Pensions minister Guy Opperman says his main priority is to maintain low opt-out rates from workplace schemes, even as members see their contributions rise this year.
Auto-enrolment contribution rates are set to rise to 8 per cent from April with policymakers keeping a close eye on how it affects future saving patterns.
In January a survey of nearly 350 employers by the Association of Consulting Actuaries showed employers are predicting opt-out rates will remain low as the increase bites.
But today Opperman called on the industry to not be complacent about the success of auto-enrolment in a speech at the annual pensions conference of the Trades Union Congress.
He argued that businesses supporting workers to save more for their future will benefit from better productivity and reputations.
Opperman said: “You [delegates at the conference] must use your influence and make the case to businesses about the benefits of doing the right things in this matter [auto-enrolment].
“It will be more difficult to take auto-enrolment forward if the case is not made for it and I have met Australian politicians who have made this very point to me.”
Opperman also gave an update on the progress of the collective defined contribution consultation that closed on 16 January. The government is now reviewing consultation responses.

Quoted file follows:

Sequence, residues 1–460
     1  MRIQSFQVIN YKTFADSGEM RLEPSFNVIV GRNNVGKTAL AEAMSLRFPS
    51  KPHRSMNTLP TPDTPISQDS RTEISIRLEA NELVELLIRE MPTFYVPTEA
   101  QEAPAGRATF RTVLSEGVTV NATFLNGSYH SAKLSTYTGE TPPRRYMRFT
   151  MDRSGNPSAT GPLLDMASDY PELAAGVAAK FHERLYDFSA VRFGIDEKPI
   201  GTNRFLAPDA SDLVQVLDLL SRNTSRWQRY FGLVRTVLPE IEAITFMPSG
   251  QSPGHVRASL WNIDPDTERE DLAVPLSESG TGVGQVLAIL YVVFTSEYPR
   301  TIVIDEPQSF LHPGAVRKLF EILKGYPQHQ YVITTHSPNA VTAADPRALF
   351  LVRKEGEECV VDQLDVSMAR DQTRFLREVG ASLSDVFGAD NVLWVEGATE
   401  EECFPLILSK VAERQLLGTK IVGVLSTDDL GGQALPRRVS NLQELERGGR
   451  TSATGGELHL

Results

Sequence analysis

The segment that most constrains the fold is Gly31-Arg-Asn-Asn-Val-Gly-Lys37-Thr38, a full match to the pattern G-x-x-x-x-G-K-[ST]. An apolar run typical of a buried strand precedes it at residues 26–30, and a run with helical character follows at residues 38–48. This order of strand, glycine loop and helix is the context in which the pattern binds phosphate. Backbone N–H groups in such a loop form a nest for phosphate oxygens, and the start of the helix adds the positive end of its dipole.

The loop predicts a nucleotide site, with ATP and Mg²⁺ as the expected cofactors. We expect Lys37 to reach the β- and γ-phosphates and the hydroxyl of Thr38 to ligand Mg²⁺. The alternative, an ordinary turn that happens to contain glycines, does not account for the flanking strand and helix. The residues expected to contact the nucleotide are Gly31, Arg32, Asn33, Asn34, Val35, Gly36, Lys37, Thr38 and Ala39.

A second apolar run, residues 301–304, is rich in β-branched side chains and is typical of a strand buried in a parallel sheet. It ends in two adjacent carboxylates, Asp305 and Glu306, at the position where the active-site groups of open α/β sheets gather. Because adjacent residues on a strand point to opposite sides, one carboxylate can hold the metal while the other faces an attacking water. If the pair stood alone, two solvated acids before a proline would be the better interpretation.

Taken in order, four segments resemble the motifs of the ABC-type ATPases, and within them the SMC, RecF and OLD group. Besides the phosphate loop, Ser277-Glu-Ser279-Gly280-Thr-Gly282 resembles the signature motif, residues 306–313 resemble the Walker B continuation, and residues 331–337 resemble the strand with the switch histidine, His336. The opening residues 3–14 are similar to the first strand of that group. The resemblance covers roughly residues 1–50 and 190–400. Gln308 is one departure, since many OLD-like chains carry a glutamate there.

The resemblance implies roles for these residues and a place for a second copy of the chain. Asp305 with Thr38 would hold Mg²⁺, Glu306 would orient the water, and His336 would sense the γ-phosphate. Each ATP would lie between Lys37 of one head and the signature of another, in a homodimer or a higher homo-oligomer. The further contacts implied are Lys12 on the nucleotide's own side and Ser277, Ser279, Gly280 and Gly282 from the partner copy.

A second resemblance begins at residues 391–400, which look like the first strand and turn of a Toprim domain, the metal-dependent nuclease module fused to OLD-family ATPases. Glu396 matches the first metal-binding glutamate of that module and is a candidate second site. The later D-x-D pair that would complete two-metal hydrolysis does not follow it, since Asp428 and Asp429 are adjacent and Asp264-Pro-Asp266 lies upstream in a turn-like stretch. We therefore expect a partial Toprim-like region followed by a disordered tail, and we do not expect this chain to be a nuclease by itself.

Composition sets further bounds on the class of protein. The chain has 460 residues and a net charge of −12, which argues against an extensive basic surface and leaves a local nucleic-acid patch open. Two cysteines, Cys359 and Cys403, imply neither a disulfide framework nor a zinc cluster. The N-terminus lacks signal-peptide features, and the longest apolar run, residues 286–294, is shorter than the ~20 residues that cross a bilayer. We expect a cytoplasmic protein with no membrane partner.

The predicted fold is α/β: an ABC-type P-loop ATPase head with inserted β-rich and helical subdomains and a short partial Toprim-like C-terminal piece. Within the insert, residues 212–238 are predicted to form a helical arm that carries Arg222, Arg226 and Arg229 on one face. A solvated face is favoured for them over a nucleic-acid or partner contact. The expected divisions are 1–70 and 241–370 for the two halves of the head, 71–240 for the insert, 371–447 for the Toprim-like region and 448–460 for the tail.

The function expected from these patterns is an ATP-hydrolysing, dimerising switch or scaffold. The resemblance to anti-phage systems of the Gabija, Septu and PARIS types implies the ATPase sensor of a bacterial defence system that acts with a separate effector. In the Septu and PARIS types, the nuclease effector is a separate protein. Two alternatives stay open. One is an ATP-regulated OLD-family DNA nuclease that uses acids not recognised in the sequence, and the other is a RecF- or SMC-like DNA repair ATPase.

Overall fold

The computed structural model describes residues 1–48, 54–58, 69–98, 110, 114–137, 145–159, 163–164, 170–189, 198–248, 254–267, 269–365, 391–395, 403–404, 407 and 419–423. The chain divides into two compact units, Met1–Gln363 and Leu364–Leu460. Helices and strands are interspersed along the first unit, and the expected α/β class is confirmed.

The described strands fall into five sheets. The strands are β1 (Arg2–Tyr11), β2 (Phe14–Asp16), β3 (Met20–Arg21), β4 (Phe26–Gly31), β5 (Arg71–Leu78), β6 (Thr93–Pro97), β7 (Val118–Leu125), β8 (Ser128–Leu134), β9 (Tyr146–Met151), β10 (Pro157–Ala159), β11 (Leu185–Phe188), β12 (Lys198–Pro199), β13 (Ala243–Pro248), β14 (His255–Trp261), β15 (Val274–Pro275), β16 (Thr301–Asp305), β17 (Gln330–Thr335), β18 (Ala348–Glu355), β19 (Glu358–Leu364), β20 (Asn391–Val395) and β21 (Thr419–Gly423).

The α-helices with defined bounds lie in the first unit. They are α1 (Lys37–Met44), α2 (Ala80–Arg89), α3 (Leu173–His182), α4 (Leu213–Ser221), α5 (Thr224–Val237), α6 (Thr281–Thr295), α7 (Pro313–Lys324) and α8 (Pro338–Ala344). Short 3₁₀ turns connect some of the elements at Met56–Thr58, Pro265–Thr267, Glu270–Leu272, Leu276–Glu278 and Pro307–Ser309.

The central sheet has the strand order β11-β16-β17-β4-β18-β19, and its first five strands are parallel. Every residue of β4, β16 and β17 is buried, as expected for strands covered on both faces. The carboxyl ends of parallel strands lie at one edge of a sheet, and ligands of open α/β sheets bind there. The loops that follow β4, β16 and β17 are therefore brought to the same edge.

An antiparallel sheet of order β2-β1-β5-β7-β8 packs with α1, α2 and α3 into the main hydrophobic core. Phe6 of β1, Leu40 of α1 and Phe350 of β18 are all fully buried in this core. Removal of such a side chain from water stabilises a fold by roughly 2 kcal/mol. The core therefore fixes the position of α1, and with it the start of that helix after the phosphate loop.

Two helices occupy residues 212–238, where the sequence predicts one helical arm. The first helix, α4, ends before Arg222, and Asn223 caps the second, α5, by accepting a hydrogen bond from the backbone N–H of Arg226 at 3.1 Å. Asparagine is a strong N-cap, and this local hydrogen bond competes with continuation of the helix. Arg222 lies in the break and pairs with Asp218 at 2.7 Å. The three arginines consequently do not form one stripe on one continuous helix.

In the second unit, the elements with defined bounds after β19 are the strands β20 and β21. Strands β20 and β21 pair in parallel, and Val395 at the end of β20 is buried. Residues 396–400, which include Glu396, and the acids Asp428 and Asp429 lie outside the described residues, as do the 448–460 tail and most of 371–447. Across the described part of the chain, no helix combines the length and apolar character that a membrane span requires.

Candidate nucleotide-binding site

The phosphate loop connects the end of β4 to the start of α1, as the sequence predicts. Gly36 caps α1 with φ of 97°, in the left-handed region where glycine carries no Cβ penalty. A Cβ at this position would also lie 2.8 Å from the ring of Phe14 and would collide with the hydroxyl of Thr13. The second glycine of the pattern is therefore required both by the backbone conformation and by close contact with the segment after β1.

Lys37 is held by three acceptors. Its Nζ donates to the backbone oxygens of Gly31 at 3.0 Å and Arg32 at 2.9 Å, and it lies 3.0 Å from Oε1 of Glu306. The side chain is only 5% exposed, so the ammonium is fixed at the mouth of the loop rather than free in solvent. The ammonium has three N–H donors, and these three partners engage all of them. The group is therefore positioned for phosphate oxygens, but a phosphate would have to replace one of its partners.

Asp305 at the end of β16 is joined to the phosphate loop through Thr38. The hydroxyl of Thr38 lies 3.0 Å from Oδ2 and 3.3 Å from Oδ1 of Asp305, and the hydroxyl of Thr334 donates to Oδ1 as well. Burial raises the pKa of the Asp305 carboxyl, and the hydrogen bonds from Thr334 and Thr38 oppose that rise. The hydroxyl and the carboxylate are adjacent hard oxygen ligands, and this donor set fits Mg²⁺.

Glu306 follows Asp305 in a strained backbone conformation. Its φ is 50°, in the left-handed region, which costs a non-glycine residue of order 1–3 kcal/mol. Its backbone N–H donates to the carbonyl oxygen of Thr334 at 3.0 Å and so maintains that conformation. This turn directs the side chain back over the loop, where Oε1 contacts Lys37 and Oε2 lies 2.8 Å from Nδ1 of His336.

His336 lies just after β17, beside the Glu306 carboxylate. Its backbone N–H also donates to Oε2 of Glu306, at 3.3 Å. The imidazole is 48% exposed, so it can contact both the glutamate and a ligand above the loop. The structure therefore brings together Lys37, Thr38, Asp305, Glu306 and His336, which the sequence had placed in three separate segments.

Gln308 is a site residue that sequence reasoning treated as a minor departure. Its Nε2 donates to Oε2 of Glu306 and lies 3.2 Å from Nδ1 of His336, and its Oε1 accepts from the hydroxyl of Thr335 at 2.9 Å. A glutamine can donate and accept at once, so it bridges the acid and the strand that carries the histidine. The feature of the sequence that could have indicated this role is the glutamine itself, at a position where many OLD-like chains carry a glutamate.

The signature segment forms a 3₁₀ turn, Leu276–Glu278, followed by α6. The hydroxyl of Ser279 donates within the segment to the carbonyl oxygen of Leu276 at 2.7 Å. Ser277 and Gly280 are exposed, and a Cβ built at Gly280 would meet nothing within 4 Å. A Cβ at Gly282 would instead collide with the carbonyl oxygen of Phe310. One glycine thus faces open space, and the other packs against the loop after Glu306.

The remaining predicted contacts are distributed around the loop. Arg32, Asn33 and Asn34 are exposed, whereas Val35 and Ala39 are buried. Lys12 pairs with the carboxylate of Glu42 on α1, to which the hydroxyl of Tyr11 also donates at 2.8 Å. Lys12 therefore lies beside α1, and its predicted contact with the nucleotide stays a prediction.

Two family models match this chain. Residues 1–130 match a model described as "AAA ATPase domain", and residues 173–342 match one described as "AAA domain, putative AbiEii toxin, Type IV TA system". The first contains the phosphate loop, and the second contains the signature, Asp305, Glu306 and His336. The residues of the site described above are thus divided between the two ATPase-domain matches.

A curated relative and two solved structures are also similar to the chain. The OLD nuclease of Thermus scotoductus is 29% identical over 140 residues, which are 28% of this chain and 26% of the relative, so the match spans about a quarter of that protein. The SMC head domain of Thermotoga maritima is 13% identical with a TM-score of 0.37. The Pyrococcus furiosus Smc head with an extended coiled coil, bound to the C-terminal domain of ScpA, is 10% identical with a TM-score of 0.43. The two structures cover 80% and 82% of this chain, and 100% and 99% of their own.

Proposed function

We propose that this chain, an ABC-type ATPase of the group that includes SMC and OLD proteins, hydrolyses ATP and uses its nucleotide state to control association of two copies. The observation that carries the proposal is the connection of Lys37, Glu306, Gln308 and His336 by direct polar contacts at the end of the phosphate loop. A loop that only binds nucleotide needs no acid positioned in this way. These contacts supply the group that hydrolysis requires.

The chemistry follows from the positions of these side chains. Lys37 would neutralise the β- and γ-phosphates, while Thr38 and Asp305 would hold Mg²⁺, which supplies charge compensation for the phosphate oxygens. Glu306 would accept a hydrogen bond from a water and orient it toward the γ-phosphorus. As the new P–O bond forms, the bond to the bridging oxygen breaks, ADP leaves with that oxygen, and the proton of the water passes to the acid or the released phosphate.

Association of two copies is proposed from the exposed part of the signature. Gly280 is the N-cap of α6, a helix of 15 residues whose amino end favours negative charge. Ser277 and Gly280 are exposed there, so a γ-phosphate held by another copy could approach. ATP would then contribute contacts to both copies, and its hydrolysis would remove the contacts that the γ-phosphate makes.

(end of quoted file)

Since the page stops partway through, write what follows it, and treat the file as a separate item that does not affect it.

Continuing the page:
Officials at the Department for Work and Pensions have been working closely with Royal Mail and the Communication Workers Union to develop proposals for the introduction of CDCs.
He said: “CDC is not a magic bullet but I believe, to mention Tony Blair, it is a possible third-way between defined benefit and defined contribution plans. It is not only for Royal Mail but for other organisations as well.”
Opperman also discussed a consultation launched today where the government hopes to unlock investment by making it easier for pension schemes to fund start-up companies and infrastructure projects.
The proposals include requiring large schemes to report their policy on these types of investment and changing how schemes calculate charges.
It would also require smaller schemes to assess, every three years, whether they should consolidate into a larger scheme.
Opperman said: “Pension schemes could consider opportunities for more innovative, long-term investment offering members the potential for better returns – and the UK economy billions of pounds of funding that can boost jobs, productivity and growth.
“We can do more to attract new investment into important sectors of the economy which would boost employment and help to build stronger, more sustainable communities. At the same time, this approach would give savers more pride in their pensions while delivering good returns.”